NHL's Dirtiest Players
Playing the game at Briere's size (he's generously listed at 5'-9", 174) isn't easy, so he occasionally supplements his skill set with a bit of stick work to create some space for himself. Though he usually gets away with it ? he's more of a sneaky-dirty player ? he's been suspended three times, including a three-gamer back in 2010-11 for a stick foul on Islanders' forward Frans Nielsen.
When you face the kind of ferocious checking that Malkin deals with every night, you're bound to succumb to frustration every now and then. Usually, Geno makes use of his size and strength to discourage the attention, but he's an artist with his stick, too, as the Flyers' Sean Couturier can attest.
Sure, it's tough to control the lumber when you're falling down all the time, but Hartnell doesn't always have an excuse for the way he uses his stick. He led the league in combined slashing/crosschecking fouls last season, proving that he doesn't mind using it to make a point.
It's not simply a world-class skills package that makes Ovechkin unique ? it's that it comes with a healthy dose of menace. He's a hard hitter who's been known to take it too far. He's been fined or suspended four times in his career, most notoriously for a cheap shot that sent a defenseless Brian Campbell crashing into the boards, leaving him with a broken collar bone.
Marchand is miserable to play against. He's a relentless chirper, casual with his stick and gloves, and willing to deliver a hit late...or low. He earned his third meeting in three seasons with Brendan Shanahan, and a five-game suspension, for a low-bridge hit on Vancouver's Sami Salo in 2012.
There weren't too many tears shed around the league at the news Torres was lost for the majority of this season after undergoing ACL surgery in September. Despite an effort to clean up his act, he's still regarded as one of the league's most lethal headhunters, with five suspensions and/or fines on his record. His shocking hit on Marian Hossa in the 2012 playoffs earned him 21-game stint on the shelf. The following year, he was benched 10 games for a blindside hit on Jarret Stoll.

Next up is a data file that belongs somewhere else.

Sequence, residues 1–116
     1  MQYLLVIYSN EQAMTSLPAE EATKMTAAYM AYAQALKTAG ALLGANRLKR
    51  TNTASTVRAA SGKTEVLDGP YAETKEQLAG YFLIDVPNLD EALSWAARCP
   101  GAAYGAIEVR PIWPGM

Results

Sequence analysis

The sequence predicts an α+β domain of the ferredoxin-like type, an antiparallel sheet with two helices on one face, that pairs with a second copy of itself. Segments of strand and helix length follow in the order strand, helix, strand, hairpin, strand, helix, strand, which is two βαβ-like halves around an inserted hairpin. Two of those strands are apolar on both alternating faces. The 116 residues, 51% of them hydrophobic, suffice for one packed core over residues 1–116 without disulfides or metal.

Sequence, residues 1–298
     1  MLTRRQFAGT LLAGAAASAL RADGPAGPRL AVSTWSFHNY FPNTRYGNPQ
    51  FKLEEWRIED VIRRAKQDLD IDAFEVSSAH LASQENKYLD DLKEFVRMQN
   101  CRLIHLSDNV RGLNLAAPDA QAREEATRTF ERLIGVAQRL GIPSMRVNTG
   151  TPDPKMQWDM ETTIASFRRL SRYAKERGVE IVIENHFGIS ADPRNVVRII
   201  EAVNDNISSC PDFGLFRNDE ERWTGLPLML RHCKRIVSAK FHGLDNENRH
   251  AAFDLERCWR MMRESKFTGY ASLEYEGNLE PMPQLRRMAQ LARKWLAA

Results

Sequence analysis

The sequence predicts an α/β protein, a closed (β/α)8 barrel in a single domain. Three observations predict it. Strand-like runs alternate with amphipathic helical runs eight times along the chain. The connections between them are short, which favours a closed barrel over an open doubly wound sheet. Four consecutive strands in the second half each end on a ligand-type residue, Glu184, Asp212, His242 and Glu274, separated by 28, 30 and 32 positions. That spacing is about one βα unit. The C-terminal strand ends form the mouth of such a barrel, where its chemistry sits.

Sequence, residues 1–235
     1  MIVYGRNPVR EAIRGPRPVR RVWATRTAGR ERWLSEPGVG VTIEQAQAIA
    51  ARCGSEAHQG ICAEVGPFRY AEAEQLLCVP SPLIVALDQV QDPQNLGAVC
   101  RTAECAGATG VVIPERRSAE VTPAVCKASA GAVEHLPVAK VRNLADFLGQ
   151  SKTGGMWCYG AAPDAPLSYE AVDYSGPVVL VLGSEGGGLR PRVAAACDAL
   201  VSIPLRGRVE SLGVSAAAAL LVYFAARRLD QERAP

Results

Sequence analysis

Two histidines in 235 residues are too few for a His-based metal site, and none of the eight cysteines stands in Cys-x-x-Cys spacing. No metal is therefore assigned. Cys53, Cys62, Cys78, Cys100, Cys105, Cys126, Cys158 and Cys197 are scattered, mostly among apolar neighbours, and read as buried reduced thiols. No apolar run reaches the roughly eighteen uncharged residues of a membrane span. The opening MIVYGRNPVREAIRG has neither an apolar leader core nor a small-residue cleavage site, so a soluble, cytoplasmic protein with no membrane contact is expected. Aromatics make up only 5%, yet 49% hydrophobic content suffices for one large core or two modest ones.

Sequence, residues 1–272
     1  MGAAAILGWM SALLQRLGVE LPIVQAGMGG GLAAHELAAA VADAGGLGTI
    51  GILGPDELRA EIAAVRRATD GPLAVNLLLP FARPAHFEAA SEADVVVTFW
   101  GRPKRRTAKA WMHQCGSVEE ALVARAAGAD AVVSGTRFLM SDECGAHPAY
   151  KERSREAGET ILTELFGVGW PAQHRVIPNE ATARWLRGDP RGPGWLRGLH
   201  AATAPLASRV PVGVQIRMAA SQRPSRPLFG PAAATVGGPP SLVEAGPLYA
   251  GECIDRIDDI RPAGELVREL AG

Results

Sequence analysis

His hit from behind that knocked Detroit's Niklas Kronwall out of the game and earned the Colorado forward a five-game suspension wasn't exactly McLeod's first boarding call (just ask Jared Spurgeon). He has a hard time laying off the big hit, even if the numbers on the back of someone's jersey are all that he sees.
Car Bomb has been suspended five times during his career, most recently in Jan. 2012 for an inexcusable hit from behind on Edmonton's Tom Gilbert. He's earned a reputation as one of the game's most dangerous predators, someone who lurks until he spots an opponent in a vulnerable position.
He's matured considerably from the young player who seemed motivated only by the intent to injure (and earned a pair of 20-game suspensions as a result), but Downie still knows his way around the other side of the line. Like the worst of the bunch, he excels at exacting his pound of flesh behind the play, hoping to drive the opposition to distraction.
The five-game suspension he earned for this sickening hit on Dan Boyle was the first official blot on his rap sheet, but he's been pilloried as an elite cheap shot artist for years. Lapierre is a classic modern agitator, a player who'll do anything to get an opponent off his game. Usually that entails an incessant chirp, but he's a master at executing a butt end, slew foot or late hit when the officials aren't looking.
This one doesn't really require an explanation, does it? He's been suspended or fined seven times for his thuggish behavior, most recently for the flying shot to the head of Blue Jackets defenseman Jack Johnson that earned Kaleta 10 games in the press box without pay. He has a reputation for consistently crossing the line that separates hard play from blatant disrespect for the safety of others. No wonder the NHLPA's appeal of his suspension irked many in the union's rank and file.